F1 entry fee: Why do new teams have to pay a whopping $200m fee to enter?

Michelle Foster
The opening lap of the Emilia Romagna Grand Prix Sprint. Imola April 2022

The opening lap of the Emilia Romagna Grand Prix. Imola April 2022

Two decades after Ron Dennis told Eddie Jordan “welcome to the Piranha Club” those words still ring true as Formula 1’s 10 existing teams are not pulling their punches to block new arrivals.

Simply put: they want to keep the team numbers down in order to keep their revenue numbers up.

And if that doesn’t work, they are reportedly pushing for an exorbitant hike in the entry fee that new teams have to pay, a fee called the ‘anti-dilution fund’.

It’s the latest salvo in what is turning into an all-out civil war between the FIA, who want 11 or even 12 teams on the grid, and F1 where the bosses are happy to stick with today’s 10.

The Concorde Agreement tweak that opened the door

Back in the day, under Bernie Ecclestone’s leadership, only the 10 top teams in the Constructors’ Championship earned prize money.

That was set in stone in the Concorde Agreement, the document that governs the running of Formula 1 as well as the prize money structure.

That meant Caterham lost out at the end of 2013 and again in 2014, playing a role in the team going into administration at the end of 2014. Just 10 teams remained on the grid, a number that meant everyone would get a scoop out of the prize pot.

But in 2016 Haas joined the mix, finishing P8, and Marussia found themselves down in 11th. They folded at the end of that season.

Perhaps that’s why Formula 1 changed the rule when the new Concorde Agreement, which runs from 2021 to 2025, was signed and made it so that every single team would earn prize money.

In exchange for the existing teams to agree to that, the sport established the ‘anti-dilution fund’.

What is the ‘anti-dilution fund’?

Simply put it is the entry fee that it payable by any and all new entrants, a fee that is presently set at $200 million.

But it’s not money that goes to Liberty Media or even the FIA, rather it is divided between the existing teams.

Designed to mitigate the loss of revenue given that going forward the prize money will be divided by 11 or even 12, the new entrant pays the anti-dilution fee and each of the teams already competing in the sport receives $20m.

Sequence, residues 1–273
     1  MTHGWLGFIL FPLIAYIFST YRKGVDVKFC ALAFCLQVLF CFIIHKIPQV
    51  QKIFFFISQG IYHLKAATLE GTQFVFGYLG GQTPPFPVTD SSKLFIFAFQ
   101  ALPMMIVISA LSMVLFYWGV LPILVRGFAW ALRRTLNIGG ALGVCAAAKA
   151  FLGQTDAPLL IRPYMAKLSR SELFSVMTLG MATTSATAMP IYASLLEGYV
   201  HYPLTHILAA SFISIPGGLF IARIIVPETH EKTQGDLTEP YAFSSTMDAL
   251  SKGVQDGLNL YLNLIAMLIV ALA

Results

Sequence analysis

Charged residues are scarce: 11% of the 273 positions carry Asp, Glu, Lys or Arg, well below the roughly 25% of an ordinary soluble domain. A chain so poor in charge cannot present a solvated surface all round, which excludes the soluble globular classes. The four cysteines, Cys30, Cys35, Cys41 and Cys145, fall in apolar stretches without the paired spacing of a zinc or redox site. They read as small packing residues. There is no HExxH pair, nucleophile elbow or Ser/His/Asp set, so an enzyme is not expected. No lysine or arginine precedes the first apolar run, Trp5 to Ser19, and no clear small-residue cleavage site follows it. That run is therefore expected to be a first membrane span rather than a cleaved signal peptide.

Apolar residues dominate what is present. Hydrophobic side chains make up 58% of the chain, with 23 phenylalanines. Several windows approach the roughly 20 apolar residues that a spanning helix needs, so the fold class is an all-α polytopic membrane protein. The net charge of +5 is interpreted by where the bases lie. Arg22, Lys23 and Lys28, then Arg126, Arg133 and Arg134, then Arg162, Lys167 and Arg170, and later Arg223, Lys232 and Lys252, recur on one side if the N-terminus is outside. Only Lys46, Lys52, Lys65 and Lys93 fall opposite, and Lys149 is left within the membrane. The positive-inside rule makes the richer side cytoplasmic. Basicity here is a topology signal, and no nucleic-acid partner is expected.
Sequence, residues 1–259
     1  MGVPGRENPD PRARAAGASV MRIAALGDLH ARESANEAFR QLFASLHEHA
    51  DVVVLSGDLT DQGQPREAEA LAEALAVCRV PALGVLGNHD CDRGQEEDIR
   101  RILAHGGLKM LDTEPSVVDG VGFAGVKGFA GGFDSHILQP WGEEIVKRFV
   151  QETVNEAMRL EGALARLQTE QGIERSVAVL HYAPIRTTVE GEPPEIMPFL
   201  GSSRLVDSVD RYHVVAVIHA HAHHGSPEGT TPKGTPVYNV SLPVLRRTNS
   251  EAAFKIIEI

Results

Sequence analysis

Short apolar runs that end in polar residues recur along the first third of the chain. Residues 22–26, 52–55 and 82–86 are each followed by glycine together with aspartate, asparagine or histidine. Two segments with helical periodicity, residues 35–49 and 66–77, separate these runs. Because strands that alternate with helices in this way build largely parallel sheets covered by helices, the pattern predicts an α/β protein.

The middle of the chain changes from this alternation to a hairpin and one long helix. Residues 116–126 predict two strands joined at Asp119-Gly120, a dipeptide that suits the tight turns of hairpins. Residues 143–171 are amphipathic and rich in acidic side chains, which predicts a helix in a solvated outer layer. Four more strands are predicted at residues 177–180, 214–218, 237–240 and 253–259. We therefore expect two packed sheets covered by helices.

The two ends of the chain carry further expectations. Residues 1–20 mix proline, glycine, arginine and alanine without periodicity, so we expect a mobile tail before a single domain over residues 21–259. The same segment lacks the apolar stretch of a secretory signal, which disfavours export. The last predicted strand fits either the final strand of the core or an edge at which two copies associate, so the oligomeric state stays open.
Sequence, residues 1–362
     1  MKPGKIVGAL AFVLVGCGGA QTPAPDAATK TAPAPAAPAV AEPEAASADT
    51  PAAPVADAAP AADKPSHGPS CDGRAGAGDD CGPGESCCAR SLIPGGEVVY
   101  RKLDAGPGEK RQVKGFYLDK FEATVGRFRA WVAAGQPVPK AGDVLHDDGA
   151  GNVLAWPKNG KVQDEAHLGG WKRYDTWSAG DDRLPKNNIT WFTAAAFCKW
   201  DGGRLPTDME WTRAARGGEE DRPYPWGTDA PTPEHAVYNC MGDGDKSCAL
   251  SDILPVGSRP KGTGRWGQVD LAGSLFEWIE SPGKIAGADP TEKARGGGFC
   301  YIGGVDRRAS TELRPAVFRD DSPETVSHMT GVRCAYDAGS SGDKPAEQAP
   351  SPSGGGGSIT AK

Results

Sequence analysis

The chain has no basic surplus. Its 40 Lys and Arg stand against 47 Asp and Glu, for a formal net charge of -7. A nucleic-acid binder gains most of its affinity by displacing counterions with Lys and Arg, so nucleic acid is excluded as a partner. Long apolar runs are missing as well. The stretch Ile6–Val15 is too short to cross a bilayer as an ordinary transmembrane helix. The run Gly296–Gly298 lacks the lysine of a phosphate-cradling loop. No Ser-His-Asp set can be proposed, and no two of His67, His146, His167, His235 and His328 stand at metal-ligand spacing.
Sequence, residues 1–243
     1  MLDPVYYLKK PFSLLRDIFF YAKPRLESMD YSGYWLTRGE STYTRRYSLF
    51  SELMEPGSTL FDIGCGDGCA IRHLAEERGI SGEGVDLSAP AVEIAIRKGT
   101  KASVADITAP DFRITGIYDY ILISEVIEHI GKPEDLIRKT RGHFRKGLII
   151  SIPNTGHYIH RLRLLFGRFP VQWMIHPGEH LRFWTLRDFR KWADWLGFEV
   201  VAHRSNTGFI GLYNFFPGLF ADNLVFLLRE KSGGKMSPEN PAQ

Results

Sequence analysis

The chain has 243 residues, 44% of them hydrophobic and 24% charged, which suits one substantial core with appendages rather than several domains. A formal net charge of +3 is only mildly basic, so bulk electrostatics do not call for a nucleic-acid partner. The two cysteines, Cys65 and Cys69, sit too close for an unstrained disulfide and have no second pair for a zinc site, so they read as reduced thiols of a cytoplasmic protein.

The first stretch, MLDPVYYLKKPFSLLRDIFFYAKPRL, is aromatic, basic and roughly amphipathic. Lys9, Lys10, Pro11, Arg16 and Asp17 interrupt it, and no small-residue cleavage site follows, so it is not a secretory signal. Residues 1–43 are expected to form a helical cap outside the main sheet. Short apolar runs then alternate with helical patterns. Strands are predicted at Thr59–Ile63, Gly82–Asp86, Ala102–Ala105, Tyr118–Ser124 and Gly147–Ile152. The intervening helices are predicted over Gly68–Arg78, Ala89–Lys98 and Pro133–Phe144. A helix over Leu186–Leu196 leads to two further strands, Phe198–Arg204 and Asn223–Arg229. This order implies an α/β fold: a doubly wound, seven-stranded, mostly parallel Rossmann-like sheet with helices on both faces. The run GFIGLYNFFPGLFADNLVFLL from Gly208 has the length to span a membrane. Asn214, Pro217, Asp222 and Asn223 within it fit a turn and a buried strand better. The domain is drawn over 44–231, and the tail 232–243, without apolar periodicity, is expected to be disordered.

But for the current teams that $200 million is not enough, at least according to reports.

According to The Race, the Formula 1 teams want the anti-dilution fund fee to increase from $200m to a whopping $600m.

‘Wary of suffering any financial loss should the grid get bigger it has been suggested that the anti-dilution fund enshrined in the Concorde Agreement signed in 2020 – which runs from 2021-2025 – should be significantly increased,’ read the report.

‘Now, just as the FIA prepares to open the expressions of interest process and the likes of Andretti ready a formal bid, there is talk of raising the anti-dilution fund to as much as $600m as part of the new Concorde Agreement that needs to be agreed for 2026 onwards.’

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What has triggered this call from the teams?

One word, or best to say one name: Andretti.

Michael Andretti with his Andretti Autosport and its General Motors link-up wants a spot on the Formula 1 grid. And he’s ready to throw everything at it.

The American already has a factory, an engine deal and a potential driver in Colton Herta. But that’s just the tip of the iceberg.

He also has the funding and the know-how to make a success of a Formula 1 venture. It’s fair to say he won’t be down in 11th place, not in his first year and definitely not as time goes by.

It has Andretti’s potential future rivals running scared as they’re foreseeing a dip in their earnings.